Mobile devices are, like any powerful tool, a double edged sword. They enable unprecedented ability to access and create information from anywhere! They are also a huge problem for information security.
Unlike a traditional PC, where there are a number of solutions to address various information security needs, mobile devices (those running iOS, Android, Symbian, Blackberry and others) provide little if any mechanisms for third parties to provide security solutions. Beyond ActiveSync integration, which itself is potentially untrustworthy (remember how iOS used to lie to Exchange servers that their mail store was encrypted?), other options for securing the device or data on the device are limited.
That said, mobile operating systems have had the benefit of experience of other operating systems. They are designed to be more resistant to intrusion by requiring signed code, employing sandboxing, limiting the available APIs, and more. It doesn't eliminate the risk of security vulnerabilities, but it does minimize the risk known ones will occur.
Unfortunately, the "baked in" security only addresses a small segment of potential security issues. It does nothing to address future security issues that might crop up. Due to the limited APIs, it is not possible for third parties to address these issues without cooperation from the OS vendor (e.g. Apple, Google, Nokia). Unfortunately, security threats evolve far faster than an OS vendor's ability to mitigate these threats on their own. Just look at how long it took Microsoft to enable the firewall in Microsoft Windows by default, implement driver signing, or any number of other security mechanisms that are just the default on mobile operating systems.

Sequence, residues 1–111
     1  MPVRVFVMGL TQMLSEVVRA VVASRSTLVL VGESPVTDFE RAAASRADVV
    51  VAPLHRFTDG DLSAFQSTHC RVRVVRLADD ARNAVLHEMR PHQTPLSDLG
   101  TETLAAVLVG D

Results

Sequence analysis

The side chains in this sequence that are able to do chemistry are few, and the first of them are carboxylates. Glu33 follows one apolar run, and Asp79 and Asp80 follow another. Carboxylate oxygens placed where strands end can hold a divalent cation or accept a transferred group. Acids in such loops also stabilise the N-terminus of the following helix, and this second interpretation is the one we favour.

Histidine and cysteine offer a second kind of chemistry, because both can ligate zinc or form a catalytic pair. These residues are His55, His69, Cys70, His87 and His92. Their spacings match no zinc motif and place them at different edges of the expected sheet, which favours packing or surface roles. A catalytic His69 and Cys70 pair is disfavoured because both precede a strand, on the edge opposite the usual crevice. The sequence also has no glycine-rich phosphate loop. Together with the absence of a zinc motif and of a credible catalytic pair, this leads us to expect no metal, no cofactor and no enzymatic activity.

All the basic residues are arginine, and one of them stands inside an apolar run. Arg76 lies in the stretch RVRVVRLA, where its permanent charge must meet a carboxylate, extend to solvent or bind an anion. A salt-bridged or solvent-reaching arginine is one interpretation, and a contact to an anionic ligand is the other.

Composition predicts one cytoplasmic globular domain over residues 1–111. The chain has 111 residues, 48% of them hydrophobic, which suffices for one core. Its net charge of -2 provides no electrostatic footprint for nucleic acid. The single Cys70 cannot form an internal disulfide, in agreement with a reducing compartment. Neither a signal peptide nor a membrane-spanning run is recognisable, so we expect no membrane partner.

Even so, the most important feature of a mobile device--the ability to access and share information from anywhere--is also a threat to an enterprise. The potential for data leakage is substantial! All I have to do is take a picture of a whiteboard in an office with confidential data on it using an Android phone with Google+ automatically uploading my photos "in the cloud" to have a potential data leak! Not to mention using your personal device to access mobile email and working with attachments.
Even if adequate tools existed to address all the issues on mobile devices, one should not blindly rely on these tools. It comes down to people understanding the security implications of their actions and adjusting their actions accordingly.